While many fitness professionals may disagree on what type of workouts are most effective, from HIIT to cross training to traditional bodybuilding, one thing they do agree on is that if the nutrition aspect of the plan is not dialed in, you will not have the success you are searching for. Unfortunately, that may be the only thing that fitness professionals agree on when it come to nutrition. Because when it comes to the type of eating they find most effective, they again vary drastically. One very popular method of dieting is to restrict carbohydrate intake. There are different names for this kind of eating –Low Carb, Atkins, Keto and others- and all of them vary in one way or another, but the one thing they have in common is a severe restriction of carbohydrates. So why would someone eat like this and is it effective?
The theory behind a low carb diet is that when the body is not fed its main source of energy, carbs, this reduces the amount of insulin the body produces. As we eat carbs our liver produces insulin, which in turn helps regulate the use of glucose (made from carbs) for energy as well as the storage of additional glucose as fat. Insulin stimulates what is known as lipogenesis, or production of fat, and prevents lypolisis, which is the burning of fat for fuel. That kind of stinks doesn’t it? So the theory is that if we reduce carb intake the body reduces insulin, which leads to the body being able to access stored fat for energy to make up for the lack of available glucose.
Most people tend to have immediate results when starting out on a low carb diet, but it needs to be noted that this is not due to fat loss. Rather the initial weeks of a low carb diet see the individual lose water weight. When insulin levels drop, the kidneys begin to flush the sodium out of the body. This causes less water retention and has an added benefit of lower blood pressure. Additionally because of the reduced glucose levels (which are stored in the form of glycogen) the body does not retain as much water in the muscles and liver. This immediate weight loss often excites individuals into staying on track with this type of diet.
The hope is that after the initial water weight phase that the body will continue to pull from fat stores to fuel the body, leading to a decrease in body fat and a decrease in overall weight. While most agree that in the short term this is the case, it has been shown in studies that the effectiveness of this type of dieting wears off over time and after 1-2 years the results fall right in line with other less restrictive diets. So is a diet like this, one that is so restrictive, even worth trying? Lets look at the pros and cons (we really haven’t mentioned these yet):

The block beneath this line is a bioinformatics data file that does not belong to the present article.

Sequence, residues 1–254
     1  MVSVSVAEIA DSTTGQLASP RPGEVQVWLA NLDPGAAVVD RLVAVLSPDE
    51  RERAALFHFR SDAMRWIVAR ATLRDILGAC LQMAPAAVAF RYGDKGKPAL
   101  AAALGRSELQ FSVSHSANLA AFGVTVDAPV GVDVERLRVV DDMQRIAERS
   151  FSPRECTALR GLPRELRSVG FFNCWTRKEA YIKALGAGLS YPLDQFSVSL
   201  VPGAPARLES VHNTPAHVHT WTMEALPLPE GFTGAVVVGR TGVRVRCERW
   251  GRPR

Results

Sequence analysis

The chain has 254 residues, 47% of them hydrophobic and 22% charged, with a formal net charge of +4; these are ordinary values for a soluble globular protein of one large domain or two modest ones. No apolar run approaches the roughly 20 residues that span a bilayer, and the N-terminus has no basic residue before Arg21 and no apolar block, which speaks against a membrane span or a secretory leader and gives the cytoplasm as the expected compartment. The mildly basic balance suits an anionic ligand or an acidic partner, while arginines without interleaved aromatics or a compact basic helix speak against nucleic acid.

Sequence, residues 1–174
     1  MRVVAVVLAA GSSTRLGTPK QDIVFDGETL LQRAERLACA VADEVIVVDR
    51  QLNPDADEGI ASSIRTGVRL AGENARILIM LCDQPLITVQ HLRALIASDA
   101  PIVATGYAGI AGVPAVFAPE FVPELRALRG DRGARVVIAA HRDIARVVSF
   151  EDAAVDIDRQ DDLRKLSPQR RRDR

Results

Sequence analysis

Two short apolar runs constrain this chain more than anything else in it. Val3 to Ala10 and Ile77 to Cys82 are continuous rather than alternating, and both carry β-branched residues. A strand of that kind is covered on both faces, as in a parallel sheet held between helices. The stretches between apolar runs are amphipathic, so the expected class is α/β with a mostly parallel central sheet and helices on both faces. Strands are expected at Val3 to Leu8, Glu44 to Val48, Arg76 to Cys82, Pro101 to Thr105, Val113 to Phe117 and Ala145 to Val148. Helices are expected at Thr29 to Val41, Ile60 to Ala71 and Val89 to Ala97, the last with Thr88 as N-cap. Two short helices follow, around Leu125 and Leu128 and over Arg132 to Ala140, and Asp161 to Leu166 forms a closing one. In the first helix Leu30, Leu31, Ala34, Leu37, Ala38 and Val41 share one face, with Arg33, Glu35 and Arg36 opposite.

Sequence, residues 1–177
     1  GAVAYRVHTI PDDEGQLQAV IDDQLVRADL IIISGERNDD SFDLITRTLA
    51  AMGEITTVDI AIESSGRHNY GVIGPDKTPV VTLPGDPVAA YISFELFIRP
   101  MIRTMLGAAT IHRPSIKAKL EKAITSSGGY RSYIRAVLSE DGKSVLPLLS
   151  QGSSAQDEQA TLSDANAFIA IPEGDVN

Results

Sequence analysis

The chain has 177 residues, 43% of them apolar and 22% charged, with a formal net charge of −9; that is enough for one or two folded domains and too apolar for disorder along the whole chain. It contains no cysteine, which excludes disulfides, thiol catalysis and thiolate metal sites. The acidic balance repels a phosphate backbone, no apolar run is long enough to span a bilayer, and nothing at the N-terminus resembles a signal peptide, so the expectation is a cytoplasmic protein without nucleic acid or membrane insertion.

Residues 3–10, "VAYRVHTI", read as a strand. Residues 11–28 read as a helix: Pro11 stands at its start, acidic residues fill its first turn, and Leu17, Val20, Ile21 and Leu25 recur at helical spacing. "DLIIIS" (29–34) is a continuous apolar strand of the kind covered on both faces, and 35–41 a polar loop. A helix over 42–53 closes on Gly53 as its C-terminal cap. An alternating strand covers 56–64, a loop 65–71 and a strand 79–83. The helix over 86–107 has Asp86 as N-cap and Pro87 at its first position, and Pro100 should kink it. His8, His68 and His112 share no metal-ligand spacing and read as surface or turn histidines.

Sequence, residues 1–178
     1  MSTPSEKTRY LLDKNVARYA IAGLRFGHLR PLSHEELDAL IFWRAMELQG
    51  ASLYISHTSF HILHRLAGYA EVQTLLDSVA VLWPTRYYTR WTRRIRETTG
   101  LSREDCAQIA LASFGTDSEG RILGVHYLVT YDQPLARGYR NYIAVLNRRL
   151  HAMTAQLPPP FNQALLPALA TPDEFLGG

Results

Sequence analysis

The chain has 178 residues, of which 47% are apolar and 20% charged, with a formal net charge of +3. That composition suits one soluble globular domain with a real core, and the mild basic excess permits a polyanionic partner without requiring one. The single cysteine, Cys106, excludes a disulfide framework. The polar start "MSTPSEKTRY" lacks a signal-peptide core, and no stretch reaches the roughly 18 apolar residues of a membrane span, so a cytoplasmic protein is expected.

- Immediate loss of water weight.
- Lower blood pressure.
- Utilization of fat stores for energy.
- Lower appetite with increased protein intake.
- Restrictive. Can be lacking in some nutrients.
- Drop in energy levels due to low glucose levels.
- Stress and depression from feeling deprives can affect your hormone levels-especially cortisol which is linked to belly fat.
- Not sustainable.
Let’s focus on that last bullet point for a second. Diet’s that restrict carbs are not sustainable in the long run. Now there are certainly people out there who could eat a low carb style diet for many many years and be perfectly content, but for the masses this is simply not feasible. There is very little variety, and they are nearly impossible to maintain unless you meticulously meal prep for each day or week, and they make social interactions difficult. Try being on a low carb diet and going to a holiday party with chips & dip, cookies, and other goodies lacing every table. How long could you hold out before you caved?
But more than the sustainability of the diet itself, lets talk about the results. It’s a fair assumption that if water weight falls off quickly when you start to restrict carbs, that the inverse must then be true. This means as soon as carbs are introduced again into the body, the body will begin to retain water weight almost immediately. Could you imagine seeing the scale jump 5 to 10 lbs in a week or two? Imagine the detrimental effects on your motivation and mental focus. For many this shift would be enough to throw them off their routine and lead to additional weight gain. This isn’t also considering the fact that after months, or years, of denying yourself your favorite cheat foods, that there is a higher probability of binging on all the things you’ve been craving. This is why it is not uncommon to see people who have lost weight on low carb diets gain all, if not more, of it back.
The bottom line is that low carb diets in the long run are no more or less effective than some of their less restrictive counterparts. Our philosophy remains that moderation and focusing on expending more calories than you take in is not only the most sensible way to approach weight loss, but is also much more sustainable in the long run. So rather than marking all carbs as the devil, instead make the effort to make sure your carbs are from the proper sources like fruits, vegetables, and whole (non-processed) foods. Your body will thank you, your energy level will thank you, and your loved ones will thank you too-if you don’t believe it, spend some time around a person on a low carb diet……they can be a little snippy!